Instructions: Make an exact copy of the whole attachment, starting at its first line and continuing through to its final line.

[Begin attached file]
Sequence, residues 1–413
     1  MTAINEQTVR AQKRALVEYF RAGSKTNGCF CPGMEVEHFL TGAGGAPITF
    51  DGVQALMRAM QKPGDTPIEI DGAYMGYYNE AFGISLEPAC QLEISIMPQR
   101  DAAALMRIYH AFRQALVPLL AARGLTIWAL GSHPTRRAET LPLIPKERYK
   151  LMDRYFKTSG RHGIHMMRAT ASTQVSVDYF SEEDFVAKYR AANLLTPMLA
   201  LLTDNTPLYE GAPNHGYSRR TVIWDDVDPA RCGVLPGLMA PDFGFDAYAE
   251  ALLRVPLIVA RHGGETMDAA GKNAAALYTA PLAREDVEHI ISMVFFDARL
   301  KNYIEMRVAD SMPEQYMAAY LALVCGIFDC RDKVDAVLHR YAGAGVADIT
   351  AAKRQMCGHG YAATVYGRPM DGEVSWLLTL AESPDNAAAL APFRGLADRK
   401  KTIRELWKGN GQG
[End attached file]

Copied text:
Sequence, residues 1–413
     1  MTAINEQTVR AQKRALVEYF RAGSKTNGCF CPGMEVEHFL TGAGGAPITF
    51  DGVQALMRAM QKPGDTPIEI DGAYMGYYNE AFGISLEPAC QLEISIMPQR
   101  DAAALMRIYH AFRQALVPLL AARGLTIWAL GSHPTRRAET LPLIPKERYK
   151  LMDRYFKTSG RHGIHMMRAT ASTQVSVDYF SEEDFVAKYR AANLLTPMLA
   201  LLTDNTPLYE GAPNHGYSRR TVIWDDVDPA RCGVLPGLMA PDFGFDAYAE
   251  ALLRVPLIVA RHGGETMDAA GKNAAALYTA PLAREDVEHI ISMVFFDARL
   301  KNYIEMRVAD SMPEQYMAAY LALVCGIFDC RDKVDAVLHR YAGAGVADIT
   351  AAKRQMCGHG YAATVYGRPM DGEVSWLLTL AESPDNAAAL APFRGLADRK
   401  KTIRELWKGN GQG